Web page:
Raced through Normal People already? A new TV adaptation of Sally Rooney’s first novel, Conversations With Friends, promises further treats on the horizon.
Normal People is the kind of compulsive, brilliantly told coming-of-age drama that gets under your skin and stays there for weeks to come.
The BBC’s adaptation of Sally Rooney’s bestselling novel has been the talk of the TV world in recent weeks, opening up the author’s deceptively simple style of storytelling to a whole new legion of fans.
A stellar cast led by Daisy Edgar-Jones and Paul Mescal have teased out elements of love, hurt, friendship and desire layered within Rooney’s story to create an unmissable TV fix.
But if you’ve already romped your way through the 12-part series on BBC iPlayer, fear not: there are more delights to come.
BBC Three is now eyeing up a fresh adaptation of Rooney’s first novel, Conversations with Friends. The book was published in 2017 and helped secure Rooney’s reputation as “the first great millennial author” and the “voice of a generation”.
Conversations with Friends is not related to the storyline of Normal People at all, although both explore similar themes of love, hurt, friendship and desire. Here’s everything we know about the new drama so far:
What is Conversations with Friends about?
Conversations with Friends tells the story of two college students – Frances and Bobbi – living in Dublin, who form a complicated connection with an older married couple called Nick and Melissa. Despite their obvious differences, the foursome quickly embark on a “complex ménage-à-quatre” that’s played out in a world of glamorous dinner parties, beautiful homes and holidays to Provence. But the strange new dynamic quickly shines a light on vulnerabilities no-one saw coming.
Rooney wrote the book while studying for her master’s degree in American literature. Published in 2017 to rave reviews after a seven-party auction for the publishing rights, it was nominated for the 2018 Swansea University International Dylan Thomas Prize and the 2018 Folio Prize.
Is there any link between Normal People and Conversations with Friends?
No, the storyline of Conversations with Friends is not related to Normal People, although both come with the imprint of Rooney’s inimitable storytelling style.
Normal People co-producer Ed Guiney says this upcoming adaptation will come in the place of a sequel to our current TV obsession.
“We’ve turned our attention – we’re adapting Conversations with Friends as a television series,” he said in a recent interview, adding that “maybe down the line we’ll come back to Connell and Marianne [from Normal People]”.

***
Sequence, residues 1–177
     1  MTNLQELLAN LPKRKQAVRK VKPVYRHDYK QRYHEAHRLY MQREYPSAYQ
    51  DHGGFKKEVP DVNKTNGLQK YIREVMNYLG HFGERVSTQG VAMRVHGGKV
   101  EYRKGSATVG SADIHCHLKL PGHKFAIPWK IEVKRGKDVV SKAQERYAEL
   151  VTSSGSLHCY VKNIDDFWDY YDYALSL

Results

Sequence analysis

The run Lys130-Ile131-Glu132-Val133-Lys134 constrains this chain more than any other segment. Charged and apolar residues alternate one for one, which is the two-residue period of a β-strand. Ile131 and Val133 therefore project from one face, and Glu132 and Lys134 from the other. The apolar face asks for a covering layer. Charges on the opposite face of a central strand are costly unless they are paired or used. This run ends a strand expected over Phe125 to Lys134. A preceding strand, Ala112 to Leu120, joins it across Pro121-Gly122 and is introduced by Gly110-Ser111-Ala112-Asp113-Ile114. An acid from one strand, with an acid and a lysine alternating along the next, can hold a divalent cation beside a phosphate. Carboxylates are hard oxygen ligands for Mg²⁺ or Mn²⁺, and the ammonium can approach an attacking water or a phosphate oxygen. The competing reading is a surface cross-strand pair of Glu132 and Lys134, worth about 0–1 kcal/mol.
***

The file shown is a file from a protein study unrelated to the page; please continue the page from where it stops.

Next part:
Who will direct Conversations with Friends?
Conversations with Friends will run under Element Pictures, the same production company that took the helm for Normal People. Lenny Abrahamson, who co-directed the hit BBC drama along with Hettie Macdonald, will once again take the director’s seat for the new series. He previously earned an Oscar nomination for 2015’s Room (starring Brie Larson),
“I love Conversations with Friends, its depth, humour and freshness, and it’s an honour to be involved in bringing it to the screen,” Abrahamson said. “I’m particularly happy that my connection to Sally and her work is set to continue. Making Normal People has been a singular pleasure and I’m excited to be working with the same brilliant team again on Conversations with Friends.”
Speaking about the production, Rooney added: “I am so pleased to be working with the team at Element, Lenny Abrahamson and the BBC to produce an adaptation of Conversations with Friends.
“I’m confident we’re going to find fresh and interesting ways of dramatising the novel’s dynamics, and I’m excited to watch the process take shape.”
Who will star in Conversations with Friends?
There’s no confirmation on any cast members yet – watch this space.
When and where will Conversations with Friends be released?
Conversations with Friends will consist of 12 half-hour episodes and air on BBC Three, but we’ll have to wait for a release date. It may well be that production on the series is held up due to the current coronavirus situation.
It’s a good job we have Normal People to binge in the meantime.
Images: Getty, BBC, Faber & Faber